Tuesday, April 11, 2017

Orphan Emigrant Scheme participant Rosanna Fleming of Ballyadams and Athy Workhouse

Jeff Kildea, an Australian historian, lecturer and author, will be in Ireland later this month for the launch of the first volume of his two-volume biography of ‘Hugh Mahon, Patriot, Pressman, Politician’.  Mahon was a native of County Offaly and who on emigrating to Australia became one of the most controversial politicians of his time.  A former Land League activist while in Ireland Hugh Mahon was imprisoned with Charles Stewart Parnell in 1881.  In Australia he served as Minister for External Affairs during World War 1 but was later expelled from parliament as a result of his aggressive campaigning for Irish independence.


The Irish novelist Evelyn Conlon contacted me through a mutual friend regarding Jeff Kildea’s Irish visit and his wish to visit Athy, and especially Ballyadams, where his great great grandmother was born in and around 1830.  The contact was fortuitous because I had written of Kildea’s relative who was one of the young girls sent out from the Athy Workhouse as part of the Orphan Emigration Scheme in 1849.  Indeed Jeff Kildea had picked up my article on the internet and included some references to it in an extensive article he wrote on his great great grandmother, Rosanna Flemming. 


Rosanna was 19 years old when she joined 17 other girls from Athy Workhouse on the ship ‘Lady Peel’ which arrived in Sydney on 3rd July 1849.  A second group comprising 16 young female former inmates of the local workhouse would arrive in Sydney on the ship ‘Maria’ on 1st August 1850.  The Athy Workhouse records indicated that Rosanna Flemming’s mother Mary was living in Ballyadams and that she came from a Catholic family.  Of the 35 young girls sent to Australia from the local Athy Workhouse under the Orphan Emigration Scheme all but one were Roman Catholics.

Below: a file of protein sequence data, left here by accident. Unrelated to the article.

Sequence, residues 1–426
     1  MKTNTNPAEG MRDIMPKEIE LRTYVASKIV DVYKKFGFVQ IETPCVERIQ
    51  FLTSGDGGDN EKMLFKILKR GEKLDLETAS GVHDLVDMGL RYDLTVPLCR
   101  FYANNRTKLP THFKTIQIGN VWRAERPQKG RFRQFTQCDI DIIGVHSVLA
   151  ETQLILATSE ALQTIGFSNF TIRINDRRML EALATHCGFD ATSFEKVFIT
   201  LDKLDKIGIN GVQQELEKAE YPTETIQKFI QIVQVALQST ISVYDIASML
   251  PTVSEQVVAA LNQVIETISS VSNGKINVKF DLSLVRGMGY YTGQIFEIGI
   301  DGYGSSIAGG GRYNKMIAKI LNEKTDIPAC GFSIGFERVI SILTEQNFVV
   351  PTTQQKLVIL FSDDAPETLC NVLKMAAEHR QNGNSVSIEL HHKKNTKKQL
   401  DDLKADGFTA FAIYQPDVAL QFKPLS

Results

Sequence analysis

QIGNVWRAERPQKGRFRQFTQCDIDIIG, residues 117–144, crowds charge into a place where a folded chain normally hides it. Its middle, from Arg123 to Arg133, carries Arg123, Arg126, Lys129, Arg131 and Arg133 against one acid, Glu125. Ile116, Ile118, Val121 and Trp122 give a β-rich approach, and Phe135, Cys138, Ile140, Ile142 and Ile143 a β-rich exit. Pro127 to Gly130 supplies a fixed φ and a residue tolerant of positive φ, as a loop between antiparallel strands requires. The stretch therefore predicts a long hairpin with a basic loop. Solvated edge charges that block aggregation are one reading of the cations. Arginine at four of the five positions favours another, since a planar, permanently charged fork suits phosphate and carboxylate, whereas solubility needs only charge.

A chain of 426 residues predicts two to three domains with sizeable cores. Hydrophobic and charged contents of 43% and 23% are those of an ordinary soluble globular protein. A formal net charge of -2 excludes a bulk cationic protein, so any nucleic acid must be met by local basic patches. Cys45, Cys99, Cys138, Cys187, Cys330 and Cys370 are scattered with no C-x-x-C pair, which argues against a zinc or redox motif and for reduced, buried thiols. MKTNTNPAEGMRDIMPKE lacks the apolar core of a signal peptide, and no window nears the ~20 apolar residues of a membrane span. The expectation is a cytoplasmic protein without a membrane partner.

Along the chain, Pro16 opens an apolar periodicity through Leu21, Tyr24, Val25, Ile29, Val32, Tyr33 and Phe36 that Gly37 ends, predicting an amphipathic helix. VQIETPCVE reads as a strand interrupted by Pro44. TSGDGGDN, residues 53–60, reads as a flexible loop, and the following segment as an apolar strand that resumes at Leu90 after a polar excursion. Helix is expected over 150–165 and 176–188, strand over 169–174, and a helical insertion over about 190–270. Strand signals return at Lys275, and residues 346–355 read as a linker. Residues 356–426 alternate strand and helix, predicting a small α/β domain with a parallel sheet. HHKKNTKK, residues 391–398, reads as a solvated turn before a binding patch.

Jeff Kildea in his article which he titled ‘The Grim Life of Roseanna Clarke (nee Flemming)’ explained how Roseanna and her companions were each provided with a trunk by the workhouse authorities in which were clothing, needle and thread, a Douay Bible, a Certificate of good character and a Certificate of good health.  By happy coincidence, just weeks before I was contacted regarding Jeff’s visit, I had discovered that the Committee for the Commemoration of Irish Famine Victims and the Irish Prison Service came together to produce travel boxes or trunks replicating those provided for the young girls sent to Australia after the Great Famine.  One such trunk was recently presented to President O’Higgins, while another two trunks were sent to Perth, Australia for presentation to museums in Dardanup and Bunbury, two towns just outside Perth.  The Committee and the Prison Service have kindly agreed to make a similar trunk for presentation to Athy’s Heritage Centre.


Shortly after arriving in Sydney Rosanna Flemming was employed as a kitchen maid by Dr. John Dickson.  Her placement was for a period of 12 months but the arrangement was terminated on 26th October 1849.  Three weeks later Rosanna married James Clarke, a native of County Westmeath, who had arrived in Australia shortly before Rosanna.  They were to have 9 children between 1852 and 1869, the last of whom, also named Rosanna, died in 1948  aged 90 years. 


Unfortunately Rosanna, the former workhouse inmate, had several brushes with Australian police and magistrates, usually resulting from being drunk in public places.  Rosanna, who could not read or write, served short periods of imprisonment for antisocial behaviour.  Her sad and tragic life ended on 29th June 1901 when she died of natural causes.  Little is known of Rosanna’s children other than that of her eldest daughter Mary who at 17 years of age married Maurice Collins, a native of Clonakilty.  Mary and Maurice had 12 children, the second youngest of whom, born in 1895, was Jeff Kildea’s grandmother. 


The story of Rosanna Flemming, the young girl from Ballyadams, an inmate of Athy Workhouse who sailed to Australia as part of the Orphan Emigration Scheme of 1849, is a poignant reminder of the poverty and hardship experienced by many Irish families during a difficult time in our Irish history.  Rosanna passed out of our shared history as she embarked on the ‘Lady Peel’ just as former workhouse inmates did when disease and hunger brought their sad lives to an end.


The Workhouse cemetery at St. Mary’s Athy, for so long overlooked and forgotten, holds the remains of many young girls who unlike Rosanna Flemming had no opportunity to live a life outside the Workhouse walls.  Rosanna, despite her tragic and difficult life, had the opportunity, if not necessarily the means or the capability, of reordering her life after leaving Athy’s Workhouse.  She survived, living a somewhat precarious life at the other side of the world, while lying in unmarked plots in the shadow of the former Workhouse are the remains of those forgotten men, women, boys and girls whose last moments in this world were spend behind the grim walls of Athy’s workhouse.


Is it perhaps too much to expect that anyone would know where in Ballyadams the Flemming family, headed up by Patrick and Mary Flemming, lived in the 1830s and the 1840s?

No comments: